At its core, Tsushima contains a lot of “distractions” all over the map similar to other open world games, but they’re much better integrated into the game’s world, thanks in large part to the fact that not only do you get rewarded upon their completion, they’re steeped in Japanese tradition. Take Fox Shrines for example; these can be found all over the island and activated, allow players to collect more charms that aid in combat. Instead of being arbitrary objectives to be completed though, they manage to feel like organic parts of the world; after all, foxes are the messengers of Inari, the kami (spirit) of prosperity and success in Japanese folk religion. Another example is the Bamboo Strike, a mini game that increases a specific combat stat. Historically, samurai engage in tameshigiri, where they test the quality of Japanese swords and train their skills by cutting bamboo in one strike, making these Bamboo Strike locations feel very much part of the world. Even the obligatory enemy camps make more sense in this game; after all, Tsushima island has been invaded by the Mongols.
Shrines and landmarks aren’t the only reasons to explore Tsushima island. Exploration also allows you to discover various quests, most of which enhance the game’s main story. Though the highlight of the game’s optional content is no doubt the collection of Mythic Tales. While most side quests involve helping peasants against the Mongol invaders, Mythic Tales are sort of playable legends that offer memorable stories and dazzling visuals, all while serving as complements to the game’s main ‘legend’ of how Jin becomes the Ghost. Without going into spoiler territory, I highly recommend playing through Mythic Tales whenever you get them in the game.
Whether you’re discovering the game’s various landmarks or playing through the game’s quests, you’ll inevitably find yourself in combat against different kinds enemies. As with most titles, combat is the backbone of the Ghost of Tsushima, and in this regard, the game does not disappoint.
Stylish and Satisfying Combat
As a samurai, Jin Sakai is proficient with the blade, and for players, that means Jin’s katana is one of the key weapons that must be mastered in combat. Pressing the square button has Jin execute a light and fast swing, while triangle is used for heavier and stronger attacks. While spamming the light attack may work with low-level enemies, as the game progresses, enemies begin to block which can leave you open to attacks. To break an enemy’s block, heavy attacks must be used to break a foe’s stagger meter; when this happens, enemies become open to attacks. Aside from breaking an enemy’s stagger meter, you can also dodge attacks with circle or parry attacks with L1, both of which can leave enemies open to a counterattack.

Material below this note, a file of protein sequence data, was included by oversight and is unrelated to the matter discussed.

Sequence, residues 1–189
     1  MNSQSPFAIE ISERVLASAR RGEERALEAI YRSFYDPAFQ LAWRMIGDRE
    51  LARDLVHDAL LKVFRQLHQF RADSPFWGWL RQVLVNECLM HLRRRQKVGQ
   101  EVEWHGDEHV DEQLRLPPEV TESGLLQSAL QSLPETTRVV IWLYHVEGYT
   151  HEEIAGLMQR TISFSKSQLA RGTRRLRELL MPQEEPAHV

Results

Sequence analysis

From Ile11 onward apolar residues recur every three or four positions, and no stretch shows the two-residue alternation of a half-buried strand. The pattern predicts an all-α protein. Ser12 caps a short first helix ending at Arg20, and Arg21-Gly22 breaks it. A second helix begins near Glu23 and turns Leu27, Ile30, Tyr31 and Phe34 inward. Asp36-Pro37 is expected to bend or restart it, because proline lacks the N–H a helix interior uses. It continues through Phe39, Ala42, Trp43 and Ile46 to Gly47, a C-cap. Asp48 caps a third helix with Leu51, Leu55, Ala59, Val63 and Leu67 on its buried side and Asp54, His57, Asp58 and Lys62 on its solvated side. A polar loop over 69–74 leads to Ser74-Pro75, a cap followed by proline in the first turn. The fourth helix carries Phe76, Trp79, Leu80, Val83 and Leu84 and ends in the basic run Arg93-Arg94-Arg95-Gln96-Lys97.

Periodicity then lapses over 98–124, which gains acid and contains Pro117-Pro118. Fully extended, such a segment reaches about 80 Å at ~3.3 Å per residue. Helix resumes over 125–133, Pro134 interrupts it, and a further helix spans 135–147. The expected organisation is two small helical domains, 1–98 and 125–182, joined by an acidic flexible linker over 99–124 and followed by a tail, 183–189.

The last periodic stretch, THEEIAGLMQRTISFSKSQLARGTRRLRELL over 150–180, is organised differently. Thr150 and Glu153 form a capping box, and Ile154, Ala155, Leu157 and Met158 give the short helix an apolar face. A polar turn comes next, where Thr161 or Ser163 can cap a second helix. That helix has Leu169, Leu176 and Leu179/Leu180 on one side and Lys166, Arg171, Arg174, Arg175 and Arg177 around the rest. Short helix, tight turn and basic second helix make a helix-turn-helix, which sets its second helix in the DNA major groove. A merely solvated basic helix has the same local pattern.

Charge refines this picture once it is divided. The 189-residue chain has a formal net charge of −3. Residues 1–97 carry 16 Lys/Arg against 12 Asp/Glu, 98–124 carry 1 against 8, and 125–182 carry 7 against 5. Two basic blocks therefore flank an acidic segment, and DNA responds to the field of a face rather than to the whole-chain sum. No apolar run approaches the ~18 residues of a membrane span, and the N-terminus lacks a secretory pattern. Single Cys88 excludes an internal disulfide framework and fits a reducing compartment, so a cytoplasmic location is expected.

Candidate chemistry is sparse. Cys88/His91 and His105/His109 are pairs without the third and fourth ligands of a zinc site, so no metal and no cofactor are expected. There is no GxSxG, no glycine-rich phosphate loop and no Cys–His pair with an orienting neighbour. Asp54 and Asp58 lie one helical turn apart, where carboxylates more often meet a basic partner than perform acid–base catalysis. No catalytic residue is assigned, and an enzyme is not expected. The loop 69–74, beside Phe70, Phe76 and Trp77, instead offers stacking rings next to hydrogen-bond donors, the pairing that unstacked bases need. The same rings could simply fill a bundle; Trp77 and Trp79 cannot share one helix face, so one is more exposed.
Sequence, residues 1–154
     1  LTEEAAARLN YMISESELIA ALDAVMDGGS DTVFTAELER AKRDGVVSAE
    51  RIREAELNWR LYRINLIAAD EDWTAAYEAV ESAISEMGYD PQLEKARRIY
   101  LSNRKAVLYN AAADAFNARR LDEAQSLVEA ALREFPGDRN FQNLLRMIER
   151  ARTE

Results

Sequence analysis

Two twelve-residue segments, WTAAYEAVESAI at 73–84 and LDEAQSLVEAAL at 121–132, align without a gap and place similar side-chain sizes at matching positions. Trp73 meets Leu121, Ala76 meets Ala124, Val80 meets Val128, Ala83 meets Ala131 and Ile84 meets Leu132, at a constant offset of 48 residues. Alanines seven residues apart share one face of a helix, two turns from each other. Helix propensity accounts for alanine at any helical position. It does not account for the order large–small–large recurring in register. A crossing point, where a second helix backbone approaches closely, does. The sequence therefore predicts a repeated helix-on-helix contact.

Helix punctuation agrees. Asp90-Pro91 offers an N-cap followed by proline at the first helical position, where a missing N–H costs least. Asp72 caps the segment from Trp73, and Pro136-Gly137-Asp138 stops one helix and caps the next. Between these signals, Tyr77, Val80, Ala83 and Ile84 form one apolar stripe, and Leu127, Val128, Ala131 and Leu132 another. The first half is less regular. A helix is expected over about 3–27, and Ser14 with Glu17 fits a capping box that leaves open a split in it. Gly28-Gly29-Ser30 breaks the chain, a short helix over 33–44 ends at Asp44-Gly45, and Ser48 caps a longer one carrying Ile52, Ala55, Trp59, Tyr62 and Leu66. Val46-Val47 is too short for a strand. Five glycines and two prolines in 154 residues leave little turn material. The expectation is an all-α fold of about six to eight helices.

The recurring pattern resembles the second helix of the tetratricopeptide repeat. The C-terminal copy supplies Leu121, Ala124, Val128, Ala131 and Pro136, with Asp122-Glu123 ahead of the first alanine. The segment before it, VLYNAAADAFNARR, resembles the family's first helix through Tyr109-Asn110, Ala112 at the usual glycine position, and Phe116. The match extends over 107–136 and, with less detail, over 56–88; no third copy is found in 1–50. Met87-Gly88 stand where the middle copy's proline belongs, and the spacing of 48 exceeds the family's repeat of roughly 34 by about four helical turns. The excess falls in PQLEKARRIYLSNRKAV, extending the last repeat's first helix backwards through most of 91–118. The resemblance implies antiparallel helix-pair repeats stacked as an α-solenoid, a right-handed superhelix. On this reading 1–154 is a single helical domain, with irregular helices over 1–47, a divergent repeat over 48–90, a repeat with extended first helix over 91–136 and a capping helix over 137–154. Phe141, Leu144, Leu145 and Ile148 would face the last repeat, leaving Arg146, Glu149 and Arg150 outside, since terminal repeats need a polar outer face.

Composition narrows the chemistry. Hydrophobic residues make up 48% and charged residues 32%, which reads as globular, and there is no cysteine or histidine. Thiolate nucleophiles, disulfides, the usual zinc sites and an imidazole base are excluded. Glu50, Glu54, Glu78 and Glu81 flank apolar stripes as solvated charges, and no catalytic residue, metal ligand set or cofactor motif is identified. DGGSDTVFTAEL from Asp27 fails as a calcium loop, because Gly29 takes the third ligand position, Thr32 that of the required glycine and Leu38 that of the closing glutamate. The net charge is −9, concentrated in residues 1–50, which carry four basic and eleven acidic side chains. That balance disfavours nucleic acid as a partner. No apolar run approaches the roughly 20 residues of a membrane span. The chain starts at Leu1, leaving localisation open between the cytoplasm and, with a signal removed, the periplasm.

While enemies can be quickly dispatched when faced alone, for the most part, you’ll be battling groups of Mongols. This means you’re pretty much on your toes during encounters as you’ll have to dodge or parry incoming attacks while engaged in combat with another enemy. Then there’s the fact that groups of enemies aren’t all equipped with swords; some have spears, while others have massive weapons that can’t be parried. To give you a fighting chance against these different enemy types, Jin can use one of four stances (reminiscent to stances in Nioh 2), with each stance having slightly different combos which are effective against certain types of enemies.
Mastering the game’s base combat is important, especially as enemies hit hard, even in normal mode. But make no mistake, this isn’t a Souls-like game in terms of difficulty, and that’s thanks in part to the resolve system. Basically, you gain resolve by successfully parrying or taking down enemies; resolve can then be used to heal, as well as use certain abilities (It’s sort of similar to the Focus bar in Marvel’s Spider-Man). Thanks to the resolve meter, even if you get caught out, you won’t automatically get a game over screen if you remember to heal. With this resolve system, coupled with the fairly forgiving parry and dodge timings (at least compared to Sekiro), I didn’t find the game’s medium difficulty to be that tough. While the medium difficulty still gave me a good challenge, if you’re used to Souls-like titles, you’ll have to bump up the difficulty to hard for a better experience.
Going by its katana combat alone, Ghost of Tsushima is already satisfying gameplay-wise, but that’s not all there is to the game. Aside from having a sword, Jin also has a bow which can be used to pick-off enemies before or even during combat encounters. There’s also the standoff mechanic where players can opt to challenge enemies to open a fight; in these standoffs, you must wait for the enemy to attack before letting go of the triangle button for an instant kill. Not only is this stylish, you can chain multiple kills in standoffs once you unlock certain abilities, meaning you’ll face off against fewer enemies in skirmishes after a successful standoff.